Wednesday, 17 March 2010


On the weekend, Marion, Elaine and I 'drew' Pysanky (Ukrainian Easter eggs). I spent a few minutes deciding what design I would use. I have lots of photos of eggs from books I have collected and from the Internet.
Marion and Elaine were a lot more creative than I was and pretty much designed their own patterns. The white egg is first washed with a vinegar and water solution and dried. Only those with intact and smooth shells will be used as even the smallest shell imperfections will result in a broken egg and a really bad smell. The eggs are not blown out so when they're put in the jar of dye they will sink to the bottom. After a few years the inside will dry up and the yolk will be like a little ball inside. Some people do blow the eggs out after dyeing them but they must be sealed first so the dye doesn't run. The little holes are then sealed with beeswax. I prefer to just leave the egg intact.

Pencil can first be used to draw guidelines or designs on the egg. Whatever will ultimately be white is then drawn on the egg with the kistka. The kistka is basically a small copper funnel attached to a stick with copper wire, in which the beeswax is melted over the flame of a candle - in our case we used tealights. The tip is then drawn along the egg and the melted beeswax adheres to the shell. The egg is then dyed the next lightest colour - in this case, yellow. I then drew on the egg what ultimately would be yellow lines. Then the egg was dyed red.

Here, I'm filling in all the areas that will ultimately be red.
After this, I dyed the egg black which was my final colour.

Now comes the fun part. We take the dried, waxy, black egg and hold it near a candle flame to soften and melt the wax, which is then wiped away with paper towel.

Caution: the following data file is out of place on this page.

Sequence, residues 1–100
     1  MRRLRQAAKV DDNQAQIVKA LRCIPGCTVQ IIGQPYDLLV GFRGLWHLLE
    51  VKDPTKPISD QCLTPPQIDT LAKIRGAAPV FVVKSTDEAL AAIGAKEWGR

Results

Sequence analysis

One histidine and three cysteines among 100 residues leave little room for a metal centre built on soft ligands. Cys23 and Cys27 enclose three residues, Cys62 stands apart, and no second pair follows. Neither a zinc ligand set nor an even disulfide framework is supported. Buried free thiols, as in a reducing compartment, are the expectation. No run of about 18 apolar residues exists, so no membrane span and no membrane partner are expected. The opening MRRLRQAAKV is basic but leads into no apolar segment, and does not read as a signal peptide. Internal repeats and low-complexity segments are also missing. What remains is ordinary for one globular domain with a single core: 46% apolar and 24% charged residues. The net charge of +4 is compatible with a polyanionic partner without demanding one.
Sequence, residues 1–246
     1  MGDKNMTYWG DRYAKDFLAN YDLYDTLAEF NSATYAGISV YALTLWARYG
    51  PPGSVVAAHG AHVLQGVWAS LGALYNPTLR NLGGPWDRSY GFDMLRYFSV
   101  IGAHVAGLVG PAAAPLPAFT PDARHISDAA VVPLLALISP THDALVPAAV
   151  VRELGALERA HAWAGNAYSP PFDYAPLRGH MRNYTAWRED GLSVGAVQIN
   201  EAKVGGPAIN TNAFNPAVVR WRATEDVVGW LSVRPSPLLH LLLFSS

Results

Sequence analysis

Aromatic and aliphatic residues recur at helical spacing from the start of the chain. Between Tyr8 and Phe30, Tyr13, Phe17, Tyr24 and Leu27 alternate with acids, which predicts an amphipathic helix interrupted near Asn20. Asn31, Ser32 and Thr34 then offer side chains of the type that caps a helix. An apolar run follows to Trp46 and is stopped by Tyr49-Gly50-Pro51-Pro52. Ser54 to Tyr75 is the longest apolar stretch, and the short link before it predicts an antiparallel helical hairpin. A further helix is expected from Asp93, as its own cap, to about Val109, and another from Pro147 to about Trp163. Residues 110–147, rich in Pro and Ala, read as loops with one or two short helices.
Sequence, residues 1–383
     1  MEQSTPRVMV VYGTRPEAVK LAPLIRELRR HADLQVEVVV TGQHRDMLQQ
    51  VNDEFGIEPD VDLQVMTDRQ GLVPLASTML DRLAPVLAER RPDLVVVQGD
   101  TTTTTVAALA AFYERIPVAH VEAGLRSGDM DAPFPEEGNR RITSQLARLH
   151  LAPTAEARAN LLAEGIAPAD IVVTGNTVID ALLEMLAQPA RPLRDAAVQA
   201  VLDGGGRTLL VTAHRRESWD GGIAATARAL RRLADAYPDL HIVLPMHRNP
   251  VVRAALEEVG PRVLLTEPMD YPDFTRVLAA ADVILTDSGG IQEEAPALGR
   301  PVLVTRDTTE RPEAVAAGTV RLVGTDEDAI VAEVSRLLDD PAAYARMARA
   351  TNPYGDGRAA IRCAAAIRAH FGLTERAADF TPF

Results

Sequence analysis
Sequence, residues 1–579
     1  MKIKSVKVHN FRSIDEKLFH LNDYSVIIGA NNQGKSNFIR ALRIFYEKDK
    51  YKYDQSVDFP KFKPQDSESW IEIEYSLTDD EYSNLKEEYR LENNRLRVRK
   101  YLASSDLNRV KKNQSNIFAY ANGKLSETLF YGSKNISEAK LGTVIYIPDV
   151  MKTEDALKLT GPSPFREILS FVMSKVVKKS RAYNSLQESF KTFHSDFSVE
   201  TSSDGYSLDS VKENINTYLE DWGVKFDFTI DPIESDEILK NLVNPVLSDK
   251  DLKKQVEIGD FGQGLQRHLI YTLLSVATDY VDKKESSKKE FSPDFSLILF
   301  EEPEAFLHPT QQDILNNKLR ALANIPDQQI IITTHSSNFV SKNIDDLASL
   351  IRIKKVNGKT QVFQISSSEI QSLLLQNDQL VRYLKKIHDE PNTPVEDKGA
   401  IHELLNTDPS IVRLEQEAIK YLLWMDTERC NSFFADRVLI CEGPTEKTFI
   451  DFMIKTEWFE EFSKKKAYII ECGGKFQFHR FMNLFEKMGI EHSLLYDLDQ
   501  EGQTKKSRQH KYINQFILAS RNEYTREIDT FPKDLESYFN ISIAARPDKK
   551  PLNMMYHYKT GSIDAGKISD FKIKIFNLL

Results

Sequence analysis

Once all the wax is all wiped off, the egg is sealed with varathane and dried for 24 hours.

And here they all are drying after being varathaned. Elaine's are ones with purple and turquiose, one above the other at the far left. Marion's are both on the bottom right and mine are on the top right.
 These two are mine.

This was Marion's first attempt. I think it turned out very well.

The basic supplies are:
  • prepared dyes stored in wide-mouthed jars (vinegar is the mordent)
  • kistkas of various sizes
  • beeswax (I used the sheets often used for rolled candle making and also have one of the wax 'pucks')
  • tea lights
  • candle
  • newspaper to cover work areas
  • lots of paper towels (to cushion egg at the work area, to dry the eggs off, to clean up any messes).
So each year, I just need to supply fresh, smooth, crack-free, white eggs.

I have also seen Pysanky drawn with Christmas and Hallowe'en patterns.


  1. Those are beautiful Geri!

  2. This is a very informative and interesting description of Pysanky. I have read a children's book about it and have seen a video of the children's author Patricia Polacco making Pysanky. In all this vast experience I failed to learn that one could do this without blowing the innards out of the egg. The technique you used is less work, but I suppose less breakfast. They turned out lively and bright. I like them.